Since none of these GODS exist in a tangible form, WHY HAVE THEY BEEN INVENTED? To find the answer to this we have to go right back to our ancestral origins. Before we evolved into co-operative hunters, we must have lived in social groups of the type seen today in other species of apes and monkeys. There, in typical cases, each group is dominated by a single male. He is the boss, the overlord, and every member of the group has to appease him or suffer the consequences. He is also most active in protecting the group from outside hazards and in settling squabbles between lesser members. The whole life of a member of such a group revolves around the dominant animals. His all-powerful role gives him a god-like status. Turning now to our immediate ancestors, it is clear that, with the growth of the co-operative spirit so vital for successful group hunting, the application of the dominant individual's authority had to be severely limited if he was to retain the active, as opposed to passive, loyalty of the other group members. They had to want to help him instead of simply fear him. He had to become more 'one of them'. The old-style monkey tyrant had to go, and in his place there arose a more tolerant, more co-operative naked ape leader. This step was essential for the new type of 'mutual-aid' organization that was evolving, but it gave rise to a problem. The total dominance of the Number One member of the group having been replaced by a qualified dominance, he could no longer command unquestioning allegiance. This change in the order of things, vital as it was to the new social system, nevertheless


left a gap. From our ancient background there remained a need for an all-powerful figure who could keep the group under control, and the vacancy was filled by the invention of a god. The influence of the invented god-figure could then operate as a force additional to the now more restricted influence of the group leader.

          At first sight, it is surprising that religion has been so successful, but its extreme potency is simply a measure of the strength of our fundamental biological tendency [see 2334-2336], inherited directly from our monkey and ape ancestors, to submit ourselves to an all-powerful, dominant member of the group. Because of this, religion has proved immensely valuable as a device for aiding social cohesion, and it is doubtful whether our species could have progressed far without it, given the unique combination of circumstances of our evolutionary origins. It has led to a number of bizarre by-products, such as a belief in 'another life' where we will at last meet up with the god figures. They were, for reasons already explained, unavoidably detained from joining us in the present life, but this omission can be corrected in an after-life. In order to facilitate this, all kinds of strange practices have been developed in connection with the disposal of our bodies when we die. If we are going to join our dominant overlords, we must be well prepared for the occasion and ELABORATE BURIAL CEREMONIES MUST BE PERFORMED [see 2182-2206].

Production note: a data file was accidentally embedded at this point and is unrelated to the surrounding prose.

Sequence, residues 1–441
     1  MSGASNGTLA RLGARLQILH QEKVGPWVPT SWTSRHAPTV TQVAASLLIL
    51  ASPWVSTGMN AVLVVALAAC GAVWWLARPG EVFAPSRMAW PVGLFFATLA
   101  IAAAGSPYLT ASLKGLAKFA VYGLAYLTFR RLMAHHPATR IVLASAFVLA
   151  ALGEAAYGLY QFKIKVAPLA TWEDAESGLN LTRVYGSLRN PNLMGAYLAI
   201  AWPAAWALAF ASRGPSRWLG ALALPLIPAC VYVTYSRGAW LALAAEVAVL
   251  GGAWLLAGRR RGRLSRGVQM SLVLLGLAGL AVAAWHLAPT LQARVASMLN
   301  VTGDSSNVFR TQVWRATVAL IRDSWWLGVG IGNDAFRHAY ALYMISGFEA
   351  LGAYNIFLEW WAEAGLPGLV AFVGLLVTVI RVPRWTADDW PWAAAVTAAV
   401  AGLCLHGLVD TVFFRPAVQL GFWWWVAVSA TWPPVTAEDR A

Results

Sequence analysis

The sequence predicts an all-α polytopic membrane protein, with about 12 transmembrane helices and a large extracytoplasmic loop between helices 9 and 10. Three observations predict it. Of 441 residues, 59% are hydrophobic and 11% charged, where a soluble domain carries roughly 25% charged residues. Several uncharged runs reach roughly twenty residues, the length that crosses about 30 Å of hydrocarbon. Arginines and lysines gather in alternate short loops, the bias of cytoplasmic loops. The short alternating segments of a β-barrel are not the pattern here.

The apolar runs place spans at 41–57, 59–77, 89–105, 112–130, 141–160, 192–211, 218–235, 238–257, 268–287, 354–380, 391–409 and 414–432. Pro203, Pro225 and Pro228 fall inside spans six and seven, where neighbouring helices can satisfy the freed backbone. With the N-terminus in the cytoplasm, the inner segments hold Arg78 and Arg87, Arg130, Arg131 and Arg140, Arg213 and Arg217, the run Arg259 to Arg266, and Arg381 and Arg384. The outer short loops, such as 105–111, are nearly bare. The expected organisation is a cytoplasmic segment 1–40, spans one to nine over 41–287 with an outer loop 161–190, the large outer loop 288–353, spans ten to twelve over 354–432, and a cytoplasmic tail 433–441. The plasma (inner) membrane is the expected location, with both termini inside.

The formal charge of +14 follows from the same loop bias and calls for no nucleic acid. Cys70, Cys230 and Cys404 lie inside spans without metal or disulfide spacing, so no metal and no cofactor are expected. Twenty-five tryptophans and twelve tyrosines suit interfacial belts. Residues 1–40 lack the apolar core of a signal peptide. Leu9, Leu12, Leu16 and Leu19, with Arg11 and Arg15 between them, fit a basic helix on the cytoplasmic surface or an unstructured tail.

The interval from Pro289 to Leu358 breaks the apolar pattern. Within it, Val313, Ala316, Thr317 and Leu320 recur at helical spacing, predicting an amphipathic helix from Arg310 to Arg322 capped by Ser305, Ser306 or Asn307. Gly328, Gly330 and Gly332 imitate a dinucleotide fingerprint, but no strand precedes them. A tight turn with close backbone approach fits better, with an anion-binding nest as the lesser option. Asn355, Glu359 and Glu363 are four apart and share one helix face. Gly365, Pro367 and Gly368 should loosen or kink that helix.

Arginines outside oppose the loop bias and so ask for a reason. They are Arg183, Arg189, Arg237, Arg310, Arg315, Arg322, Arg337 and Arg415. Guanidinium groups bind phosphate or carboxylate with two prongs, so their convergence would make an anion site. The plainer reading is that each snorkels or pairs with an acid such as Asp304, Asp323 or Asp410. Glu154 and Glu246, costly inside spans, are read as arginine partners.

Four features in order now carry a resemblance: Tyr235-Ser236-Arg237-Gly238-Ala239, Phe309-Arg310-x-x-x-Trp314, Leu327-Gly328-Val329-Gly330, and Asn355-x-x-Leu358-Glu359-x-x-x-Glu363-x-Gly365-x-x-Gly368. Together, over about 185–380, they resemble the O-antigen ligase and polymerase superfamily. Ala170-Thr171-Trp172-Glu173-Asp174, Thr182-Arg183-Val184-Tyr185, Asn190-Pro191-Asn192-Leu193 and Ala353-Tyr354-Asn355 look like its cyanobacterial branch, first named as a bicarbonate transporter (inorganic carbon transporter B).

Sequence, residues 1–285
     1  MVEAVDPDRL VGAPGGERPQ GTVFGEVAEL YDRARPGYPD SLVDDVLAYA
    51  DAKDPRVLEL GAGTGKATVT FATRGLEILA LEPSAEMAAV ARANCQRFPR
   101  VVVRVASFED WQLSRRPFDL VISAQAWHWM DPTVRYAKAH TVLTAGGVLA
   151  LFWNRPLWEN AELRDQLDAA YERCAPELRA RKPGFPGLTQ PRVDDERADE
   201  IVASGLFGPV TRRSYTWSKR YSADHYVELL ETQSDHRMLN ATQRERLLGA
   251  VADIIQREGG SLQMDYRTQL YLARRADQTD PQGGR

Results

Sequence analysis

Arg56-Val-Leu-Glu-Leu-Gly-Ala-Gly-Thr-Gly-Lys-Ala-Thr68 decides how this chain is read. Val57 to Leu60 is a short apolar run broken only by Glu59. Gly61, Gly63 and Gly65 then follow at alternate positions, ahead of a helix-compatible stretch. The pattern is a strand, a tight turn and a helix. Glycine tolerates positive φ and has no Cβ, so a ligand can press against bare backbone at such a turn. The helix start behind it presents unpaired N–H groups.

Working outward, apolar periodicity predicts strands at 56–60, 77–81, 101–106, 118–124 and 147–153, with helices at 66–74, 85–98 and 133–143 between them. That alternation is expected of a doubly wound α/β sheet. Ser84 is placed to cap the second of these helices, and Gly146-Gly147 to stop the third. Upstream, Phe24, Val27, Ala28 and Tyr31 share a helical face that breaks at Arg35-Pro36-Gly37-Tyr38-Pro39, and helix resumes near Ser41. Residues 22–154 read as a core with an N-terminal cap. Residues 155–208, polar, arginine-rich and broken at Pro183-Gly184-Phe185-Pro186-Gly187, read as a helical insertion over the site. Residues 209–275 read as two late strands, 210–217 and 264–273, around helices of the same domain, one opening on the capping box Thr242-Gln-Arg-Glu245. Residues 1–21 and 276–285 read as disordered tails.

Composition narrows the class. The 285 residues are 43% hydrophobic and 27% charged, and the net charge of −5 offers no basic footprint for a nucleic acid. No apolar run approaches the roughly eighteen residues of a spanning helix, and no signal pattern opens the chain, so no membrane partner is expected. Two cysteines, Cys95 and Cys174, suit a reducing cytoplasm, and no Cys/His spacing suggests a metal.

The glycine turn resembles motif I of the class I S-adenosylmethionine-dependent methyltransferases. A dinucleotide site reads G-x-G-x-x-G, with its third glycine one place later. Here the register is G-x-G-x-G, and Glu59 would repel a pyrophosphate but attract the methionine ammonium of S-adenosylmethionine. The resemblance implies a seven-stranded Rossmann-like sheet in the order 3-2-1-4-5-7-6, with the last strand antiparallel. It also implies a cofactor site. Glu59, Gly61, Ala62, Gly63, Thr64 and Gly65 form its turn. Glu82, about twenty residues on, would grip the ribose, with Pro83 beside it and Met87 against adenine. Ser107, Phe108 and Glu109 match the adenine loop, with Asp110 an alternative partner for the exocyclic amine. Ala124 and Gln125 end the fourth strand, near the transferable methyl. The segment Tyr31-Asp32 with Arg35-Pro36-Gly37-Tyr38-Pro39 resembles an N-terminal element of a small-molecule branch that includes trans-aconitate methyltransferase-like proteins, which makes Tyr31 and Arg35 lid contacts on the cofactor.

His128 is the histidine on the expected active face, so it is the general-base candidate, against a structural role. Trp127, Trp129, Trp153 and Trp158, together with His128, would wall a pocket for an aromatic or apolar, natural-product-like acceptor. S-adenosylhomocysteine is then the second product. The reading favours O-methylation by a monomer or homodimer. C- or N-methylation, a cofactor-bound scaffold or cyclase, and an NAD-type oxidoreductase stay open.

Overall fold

Religion has also given rise to a great deal of unnecessary suffering and misery, wherever it has become over-formalized in its application, and whenever the professional 'assistants' of the god figures have been unable to resist the temptation to borrow a little of his power and use it themselves. But despite its chequered history it is a feature of our social life that we cannot do without [see 2334-2336]. Whenever it becomes unacceptable, it is quietly, or sometimes violently, rejected, but in no time at all it is back again in a new form, carefully disguised perhaps, but containing all the same old basic elements. We simply have to 'believe in something'. Only a common belief will cement us together and keep us under control. It could be argued that, on this basis, any belief will do, so long as it is powerful enough; but this is not strictly true. It must be impressive and it must be seen to be impressive. Our communal nature demands the performance of and participation in elaborate group ritual. Elimination of the 'pomp and circumstance' will leave a terrible cultural gap and the indoctrination will fail to operate properly at the deep, emotional level so vital to it. Also, certain types of belief are more wasteful and stultifying than others and can side-track a community into rigidifying patterns of behaviour that hamper its qualitative development. As a species we are a predominantly intelligent and exploratory animal, and beliefs harnessed to this fact will be the most beneficial for us.